Dounreay Castle

Dounreay Castle is located at the mouth of the Mill Lade immediately north of the Dounreay licensed site. 

It dates from the late 16th century, and is one of the few remaining examples of a Scottish Laird’s castle from that period.

William Sinclair of Dunbeath, descended from a younger brother of John Sinclair, third Earl of Caithness, built the castle in the 1560s.

It was damaged in 1651 by Oliver Cromwell’s New Model Army during their Scottish campaign.

Now entirely ruined, the castle was still inhabited in 1863, but had become roofless and derelict by 1889.

Due to its significance both in Caithness and nationally as a surviving example of an unusual design of L-shaped fortified tower house more typical of lowland Scotland, it has been designated by Historic Scotland as a scheduled monument.

Dounreay Castle and photo gallery

Concern about castle condition

Remediation project

Experiments involving radioactive liquids were conducted from the castle courtyard in the 1950s, using a temporary holding tank and pipeline. As a result of leakage and spillage, the courtyard became affected by radioactive contaminants. The tank and pipeline were removed, but it was impossible to decontaminate the site conventionally, given its archaeological sensitivity.

Contaminated drainage water had also leaked through fractures in the Castle Gate drain, contaminating the coastal slope and beach area.

In 1996, UKAEA began a two-year project to characterise and remediate the area in order to reduce the possibility of contamination migrating towards the marine environment, while preserving the castle’s archaeological heritage.

The project team took samples from the castle and beach areas to establish the baseline condition of the site. After discussions with Historic Scotland, the site was excavated in close co-operation with a team of archaeological specialists. This allowed safe removal of contaminated material and enabled the archaeologists to develop and record a detailed understanding of the site’s archaeological history.

An area of 900m3 was excavated down to a maximum depth of 3m, creating 1,540 tonnes of low-level waste. This was safely transferred to the Dounreay site’s waste storage facilities, and the excavated areas were backfilled with non-contaminated fill from local farms and quarries, and segregated materials from site excavations.

Following the remediation work, the project team carried out a radiological survey, which showed that levels of residual contamination did not present a significant health or environmental risk.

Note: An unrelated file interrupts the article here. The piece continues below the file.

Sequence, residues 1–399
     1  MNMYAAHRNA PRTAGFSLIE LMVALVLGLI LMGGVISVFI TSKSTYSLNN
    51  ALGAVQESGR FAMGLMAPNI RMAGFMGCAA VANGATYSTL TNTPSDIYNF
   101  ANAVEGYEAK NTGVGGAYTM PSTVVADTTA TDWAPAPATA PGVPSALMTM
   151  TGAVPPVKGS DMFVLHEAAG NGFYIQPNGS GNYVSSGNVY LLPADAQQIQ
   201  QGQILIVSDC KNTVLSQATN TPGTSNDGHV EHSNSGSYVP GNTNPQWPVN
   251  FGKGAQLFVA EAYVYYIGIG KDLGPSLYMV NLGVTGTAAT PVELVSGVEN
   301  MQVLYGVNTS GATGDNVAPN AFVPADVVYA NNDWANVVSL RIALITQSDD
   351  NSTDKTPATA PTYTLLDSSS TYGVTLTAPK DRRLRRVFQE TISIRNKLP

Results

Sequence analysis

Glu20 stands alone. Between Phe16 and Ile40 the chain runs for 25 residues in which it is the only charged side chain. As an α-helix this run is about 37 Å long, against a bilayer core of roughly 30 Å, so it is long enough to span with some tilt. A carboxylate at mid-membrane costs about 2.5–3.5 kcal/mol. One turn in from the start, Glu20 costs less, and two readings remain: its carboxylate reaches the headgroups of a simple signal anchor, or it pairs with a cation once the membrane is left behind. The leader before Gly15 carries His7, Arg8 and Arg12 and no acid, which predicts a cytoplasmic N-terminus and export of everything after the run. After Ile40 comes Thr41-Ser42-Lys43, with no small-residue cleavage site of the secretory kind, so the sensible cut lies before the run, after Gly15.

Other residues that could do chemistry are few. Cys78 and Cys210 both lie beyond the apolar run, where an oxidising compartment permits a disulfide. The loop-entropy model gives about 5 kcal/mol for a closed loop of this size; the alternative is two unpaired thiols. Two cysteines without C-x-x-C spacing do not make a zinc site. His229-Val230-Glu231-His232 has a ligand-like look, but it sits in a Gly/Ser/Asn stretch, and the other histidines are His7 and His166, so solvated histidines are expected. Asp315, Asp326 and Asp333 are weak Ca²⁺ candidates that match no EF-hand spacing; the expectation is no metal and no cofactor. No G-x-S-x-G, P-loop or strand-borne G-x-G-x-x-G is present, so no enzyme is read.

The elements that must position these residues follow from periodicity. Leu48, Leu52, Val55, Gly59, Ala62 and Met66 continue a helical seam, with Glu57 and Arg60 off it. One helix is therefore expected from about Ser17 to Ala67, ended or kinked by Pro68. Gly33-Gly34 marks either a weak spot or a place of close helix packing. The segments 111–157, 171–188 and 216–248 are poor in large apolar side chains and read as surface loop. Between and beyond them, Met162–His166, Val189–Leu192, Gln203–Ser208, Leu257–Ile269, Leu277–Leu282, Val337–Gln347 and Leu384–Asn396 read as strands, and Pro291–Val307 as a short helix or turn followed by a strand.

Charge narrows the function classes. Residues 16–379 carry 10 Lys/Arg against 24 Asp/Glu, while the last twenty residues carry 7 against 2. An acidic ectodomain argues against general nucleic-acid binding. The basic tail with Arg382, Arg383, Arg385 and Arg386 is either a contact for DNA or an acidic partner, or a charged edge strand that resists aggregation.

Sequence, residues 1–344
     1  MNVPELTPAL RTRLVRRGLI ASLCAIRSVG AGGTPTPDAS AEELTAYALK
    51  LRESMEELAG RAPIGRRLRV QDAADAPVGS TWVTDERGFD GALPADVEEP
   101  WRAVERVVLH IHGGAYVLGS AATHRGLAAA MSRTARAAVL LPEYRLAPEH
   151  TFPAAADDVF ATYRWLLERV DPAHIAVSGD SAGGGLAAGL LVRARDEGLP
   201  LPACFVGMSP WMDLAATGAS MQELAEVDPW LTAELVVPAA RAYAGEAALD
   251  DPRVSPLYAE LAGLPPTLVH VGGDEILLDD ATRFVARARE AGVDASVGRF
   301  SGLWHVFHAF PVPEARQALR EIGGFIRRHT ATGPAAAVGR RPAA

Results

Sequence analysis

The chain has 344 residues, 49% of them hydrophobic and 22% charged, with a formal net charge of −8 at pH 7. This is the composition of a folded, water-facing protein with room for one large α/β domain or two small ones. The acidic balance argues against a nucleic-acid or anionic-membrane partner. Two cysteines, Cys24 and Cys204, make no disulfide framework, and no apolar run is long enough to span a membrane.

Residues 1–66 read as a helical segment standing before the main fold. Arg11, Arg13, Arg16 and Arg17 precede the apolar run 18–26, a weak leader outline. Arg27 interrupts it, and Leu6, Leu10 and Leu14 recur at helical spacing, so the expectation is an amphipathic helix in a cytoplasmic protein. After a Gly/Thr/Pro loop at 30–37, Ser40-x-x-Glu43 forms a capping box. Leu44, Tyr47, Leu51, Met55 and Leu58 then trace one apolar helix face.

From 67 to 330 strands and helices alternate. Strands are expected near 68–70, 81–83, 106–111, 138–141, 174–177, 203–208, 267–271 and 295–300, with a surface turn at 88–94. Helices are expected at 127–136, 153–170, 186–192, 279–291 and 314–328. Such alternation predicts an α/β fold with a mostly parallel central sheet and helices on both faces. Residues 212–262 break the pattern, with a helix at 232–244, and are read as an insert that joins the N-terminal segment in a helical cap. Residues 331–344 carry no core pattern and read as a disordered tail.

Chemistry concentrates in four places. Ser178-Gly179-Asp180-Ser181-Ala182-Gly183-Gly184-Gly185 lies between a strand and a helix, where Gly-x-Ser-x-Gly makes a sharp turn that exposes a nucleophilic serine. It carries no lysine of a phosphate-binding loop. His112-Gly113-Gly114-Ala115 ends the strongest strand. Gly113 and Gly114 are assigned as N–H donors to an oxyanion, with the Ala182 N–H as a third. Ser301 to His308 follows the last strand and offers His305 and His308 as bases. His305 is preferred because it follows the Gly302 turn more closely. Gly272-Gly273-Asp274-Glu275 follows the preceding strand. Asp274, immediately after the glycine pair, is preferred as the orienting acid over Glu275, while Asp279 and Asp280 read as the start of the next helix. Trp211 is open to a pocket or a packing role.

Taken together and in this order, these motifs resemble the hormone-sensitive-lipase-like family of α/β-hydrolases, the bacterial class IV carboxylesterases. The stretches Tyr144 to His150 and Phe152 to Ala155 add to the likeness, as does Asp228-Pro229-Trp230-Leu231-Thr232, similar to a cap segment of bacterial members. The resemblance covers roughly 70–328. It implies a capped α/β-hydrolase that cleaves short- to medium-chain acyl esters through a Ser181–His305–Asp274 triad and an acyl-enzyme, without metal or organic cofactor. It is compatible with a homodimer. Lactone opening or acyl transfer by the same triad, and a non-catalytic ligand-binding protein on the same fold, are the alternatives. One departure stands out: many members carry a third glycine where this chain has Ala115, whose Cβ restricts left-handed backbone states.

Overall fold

The remediation works allowed open access to the site for the first time in 40 years, and have helped to preserve an important feature of Scottish archaeological heritage.

Historic Scotland Ancient Monuments report on condition of castle

In 2008 DSRL staff noticed a deterioration in the structure of the castle which caused concern both for the safety of personnel and the heritage aspect of the building.

Scheduled Monument status requires the owner (or his agent) to inform Historic Scotland of any perceived deterioration and not to undertaken any work within the area that may cause further damage to the monument. 

Dr John Malcolm, Inspector Ancient Monuments NW Team, carried out an inspection of the structure in early February 2008.

DSRL has now received an inspection report from Historic Scotland which contains some recommendations for the preservation of the Castle, and DSRL intends to consult with the conservation agency on the long-term interests of the monument.  There is no element in the 1979 Ancient Monuments and Archaeolgical Areas Act which compels landowners to care for monuments.

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Dounreay Castle


Dounreay Castle is situated on the foreshore at Dounreay and at the mouth of the burn known as the Mill Lade.


The castle has been derelict and roofless since the late 1880s


Following the successful decontamination of the castle in 1997-1998, a cairn and plaque were erected in the castle courtyard